There was a lot of talk about walls yesterday. The ‘anti-fascist protection’ one that came down in 1989, the year my son was born. The one that Trump has promised to build – and get the Mexicans to pay for. The one that Canada may need to hold back the tide of fleeing Americans. When Canada’s immigration site crashed sometime in the wee hours yesterday, well before the results were in, the writing was surely on the wall.
Sitting in France, working in Switzerland and with roots in Canada, I was surprised at how deeply affected we all were by the news that there would be a – gulp – President Trump.
We are not American, even though the US president is thought to lead the so-called ‘free’ world. My Canadian family and friends can rightly quake, living in the shadow of the giant and sometimes feeling a little like its 51st state. Culturally, we are distinct; economically, less so.
Switzerland is home to many expats, some of whom are my friends and colleagues. As much as I wanted the polls to be right, I had spoken to people – articulate, smart people – who admitted they would vote for Trump. I’d witnessed the hatred for Hillary, and the refusal of Trump supporters to take seriously any charges against him. What would it take, I wondered? Explicit evidence of child pornography? My gut told me the polls were a reflection of what the influencers wanted to see.
Here in France, as I listened to talk about the election results yesterday, I found myself thinking about the invisible wall that exists between us and the US. While there is a strong, longstanding friendship between the two countries, that barrier is real on so many levels – cultural, linguistic, political.
Watching a French TV panel that included Christine Ockrent, a respected journalist who is married to Médecins Sans Frontières (Doctors Without Borders) founder Dr. Bernard Kouchner, discussing Trump alongside a young blonde American member of the Republicans in France, that wall could not have been more evident. Although the American woman spoke French very well, the wall came down on the French faces as quickly and as surely as if a door had shut. Was it her very-American accent, her direct way of saying things or simply her open-faced support of the man who is perceived as a monster here in France?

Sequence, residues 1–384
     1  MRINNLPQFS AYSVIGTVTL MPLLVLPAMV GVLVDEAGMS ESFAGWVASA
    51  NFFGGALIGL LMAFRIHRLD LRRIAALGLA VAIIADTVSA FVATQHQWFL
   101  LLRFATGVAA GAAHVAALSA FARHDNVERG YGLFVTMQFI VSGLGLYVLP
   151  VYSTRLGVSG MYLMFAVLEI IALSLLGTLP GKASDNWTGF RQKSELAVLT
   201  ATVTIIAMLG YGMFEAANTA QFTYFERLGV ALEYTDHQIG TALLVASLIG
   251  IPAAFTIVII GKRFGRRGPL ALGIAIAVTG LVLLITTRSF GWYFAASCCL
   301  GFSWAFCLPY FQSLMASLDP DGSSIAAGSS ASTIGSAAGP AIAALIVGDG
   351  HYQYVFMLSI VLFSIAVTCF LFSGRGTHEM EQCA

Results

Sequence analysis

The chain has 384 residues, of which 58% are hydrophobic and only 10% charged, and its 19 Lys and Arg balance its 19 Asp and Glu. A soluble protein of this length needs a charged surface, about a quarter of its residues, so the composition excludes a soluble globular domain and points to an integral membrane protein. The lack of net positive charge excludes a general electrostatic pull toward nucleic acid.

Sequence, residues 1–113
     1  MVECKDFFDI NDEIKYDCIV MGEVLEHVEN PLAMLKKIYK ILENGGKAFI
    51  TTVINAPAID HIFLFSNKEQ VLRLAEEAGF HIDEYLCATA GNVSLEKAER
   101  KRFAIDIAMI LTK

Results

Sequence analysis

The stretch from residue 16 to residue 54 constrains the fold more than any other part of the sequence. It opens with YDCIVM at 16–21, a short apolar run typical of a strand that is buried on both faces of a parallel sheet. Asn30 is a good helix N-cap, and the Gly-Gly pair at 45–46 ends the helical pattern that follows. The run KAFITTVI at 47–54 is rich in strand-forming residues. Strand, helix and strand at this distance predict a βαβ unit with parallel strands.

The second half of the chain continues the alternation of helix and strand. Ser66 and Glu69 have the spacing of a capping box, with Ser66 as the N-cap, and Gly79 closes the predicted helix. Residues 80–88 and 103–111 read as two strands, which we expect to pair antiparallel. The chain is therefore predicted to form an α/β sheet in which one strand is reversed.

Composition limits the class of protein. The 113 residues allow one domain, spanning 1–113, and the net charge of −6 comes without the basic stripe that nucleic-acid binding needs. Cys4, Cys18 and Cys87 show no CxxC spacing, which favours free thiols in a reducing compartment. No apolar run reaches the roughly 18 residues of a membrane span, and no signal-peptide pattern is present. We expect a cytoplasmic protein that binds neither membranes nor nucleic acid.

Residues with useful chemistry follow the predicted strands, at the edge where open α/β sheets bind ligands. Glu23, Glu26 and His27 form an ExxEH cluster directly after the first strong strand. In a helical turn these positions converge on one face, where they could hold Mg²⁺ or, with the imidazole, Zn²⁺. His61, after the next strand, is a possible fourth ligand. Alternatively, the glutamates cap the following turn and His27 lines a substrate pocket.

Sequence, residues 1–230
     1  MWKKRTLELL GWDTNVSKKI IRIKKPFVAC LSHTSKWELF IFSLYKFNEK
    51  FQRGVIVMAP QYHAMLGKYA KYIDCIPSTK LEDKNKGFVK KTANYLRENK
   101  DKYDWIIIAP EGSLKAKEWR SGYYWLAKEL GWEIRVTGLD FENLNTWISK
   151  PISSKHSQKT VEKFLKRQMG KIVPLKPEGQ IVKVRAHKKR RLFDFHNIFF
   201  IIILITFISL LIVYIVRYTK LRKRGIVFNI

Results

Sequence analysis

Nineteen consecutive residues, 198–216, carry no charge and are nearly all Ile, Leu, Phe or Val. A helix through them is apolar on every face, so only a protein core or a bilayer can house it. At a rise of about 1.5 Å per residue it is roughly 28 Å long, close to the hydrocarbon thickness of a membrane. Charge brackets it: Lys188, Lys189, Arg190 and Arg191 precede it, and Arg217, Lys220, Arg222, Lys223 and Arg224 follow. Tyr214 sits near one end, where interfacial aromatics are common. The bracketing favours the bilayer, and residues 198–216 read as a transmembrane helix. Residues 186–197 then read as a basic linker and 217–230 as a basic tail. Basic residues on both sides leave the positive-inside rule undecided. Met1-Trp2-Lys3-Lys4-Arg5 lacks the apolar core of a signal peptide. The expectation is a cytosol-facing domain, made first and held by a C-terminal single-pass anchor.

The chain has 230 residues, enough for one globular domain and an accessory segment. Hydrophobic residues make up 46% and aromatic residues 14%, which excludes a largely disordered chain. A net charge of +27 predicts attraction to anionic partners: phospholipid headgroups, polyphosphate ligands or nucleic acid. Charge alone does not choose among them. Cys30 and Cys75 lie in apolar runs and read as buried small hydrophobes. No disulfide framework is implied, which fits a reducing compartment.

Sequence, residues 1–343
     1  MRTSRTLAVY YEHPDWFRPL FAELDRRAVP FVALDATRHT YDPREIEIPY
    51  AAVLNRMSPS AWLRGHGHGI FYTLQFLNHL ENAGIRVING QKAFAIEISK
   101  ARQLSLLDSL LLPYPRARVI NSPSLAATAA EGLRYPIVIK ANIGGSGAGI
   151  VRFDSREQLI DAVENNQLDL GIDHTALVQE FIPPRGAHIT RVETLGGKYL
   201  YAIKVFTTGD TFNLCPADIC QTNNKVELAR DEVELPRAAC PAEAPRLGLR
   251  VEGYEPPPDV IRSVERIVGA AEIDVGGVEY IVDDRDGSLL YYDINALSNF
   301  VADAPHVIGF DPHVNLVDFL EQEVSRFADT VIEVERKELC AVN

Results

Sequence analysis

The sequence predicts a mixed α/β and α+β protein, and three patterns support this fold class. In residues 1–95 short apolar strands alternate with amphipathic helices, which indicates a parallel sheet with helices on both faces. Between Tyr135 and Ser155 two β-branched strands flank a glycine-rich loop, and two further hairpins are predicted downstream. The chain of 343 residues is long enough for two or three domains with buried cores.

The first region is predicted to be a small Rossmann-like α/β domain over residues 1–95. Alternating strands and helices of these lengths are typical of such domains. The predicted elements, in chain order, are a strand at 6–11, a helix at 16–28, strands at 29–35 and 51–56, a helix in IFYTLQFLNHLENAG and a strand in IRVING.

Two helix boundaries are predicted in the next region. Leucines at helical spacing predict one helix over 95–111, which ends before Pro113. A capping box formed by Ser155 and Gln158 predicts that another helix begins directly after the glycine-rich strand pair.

Alongside her sat another woman, who had formerly worked for Hillary Clinton. Although these two women sat on opposite sides of the political spectrum, I was struck by the fact that they appeared to have more in common than they did with any of the French panelists. No matter what, Americans will proudly defend their country’s democratic process as being the expression of its popular will. The French, for all that they resist until death, will allow themselves to be led by their elected elites.
The wall is cultural, and it is also political. The French openly dislike anything so crass and populist and commercial as Trump. And although many will vote for Marine LePen and the far-right Front National, two things hold her back from ever becoming President: the first is class. She doesn’t have it. Nor does Sarkozy, which goes a long way to explaining why he was not re-elected and is unlikely to make a comeback. The second is that the political elites in this country, supported by the French people, will not allow it. The post-war fear of fascism is just too strong. So opposing political parties will band together in order to block what is seen as dangerous.
As much as this country has its problems, and you know that I have no hesitation in calling them out, the particular horror of a Trump in power would not happen here. Nor, with all due respect to my British friends, would a Brexit. But the two movements are not dissimilar, and that is another reason why it is frightening. Both seem to believe they can and should shut their borders, live as islands sufficient unto themselves. While this is harder to imagine in the UK, the potential economic fall-out from US trade restrictions is huge.
But whether or not they build any more walls, le mur is already there.
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